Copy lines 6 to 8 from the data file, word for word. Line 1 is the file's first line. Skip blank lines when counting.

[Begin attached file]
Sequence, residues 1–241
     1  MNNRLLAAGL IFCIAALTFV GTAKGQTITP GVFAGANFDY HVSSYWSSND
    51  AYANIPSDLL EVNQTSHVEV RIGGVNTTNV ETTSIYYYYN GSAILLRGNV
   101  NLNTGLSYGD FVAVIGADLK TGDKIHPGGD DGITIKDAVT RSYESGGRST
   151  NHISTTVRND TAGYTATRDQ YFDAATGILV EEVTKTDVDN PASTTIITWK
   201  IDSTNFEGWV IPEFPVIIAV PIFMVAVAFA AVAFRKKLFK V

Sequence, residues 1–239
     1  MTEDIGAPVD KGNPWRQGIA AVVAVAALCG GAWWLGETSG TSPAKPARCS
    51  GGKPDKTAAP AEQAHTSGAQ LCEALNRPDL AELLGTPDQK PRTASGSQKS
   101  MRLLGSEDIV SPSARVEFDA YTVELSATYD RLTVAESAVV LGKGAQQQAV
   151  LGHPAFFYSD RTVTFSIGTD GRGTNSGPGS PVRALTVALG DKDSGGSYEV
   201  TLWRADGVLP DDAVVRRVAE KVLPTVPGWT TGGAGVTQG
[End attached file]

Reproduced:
   201  IDSTNFEGWV IPEFPVIIAV PIFMVAVAFA AVAFRKKLFK V

Sequence, residues 1–239
     1  MTEDIGAPVD KGNPWRQGIA AVVAVAALCG GAWWLGETSG TSPAKPARCS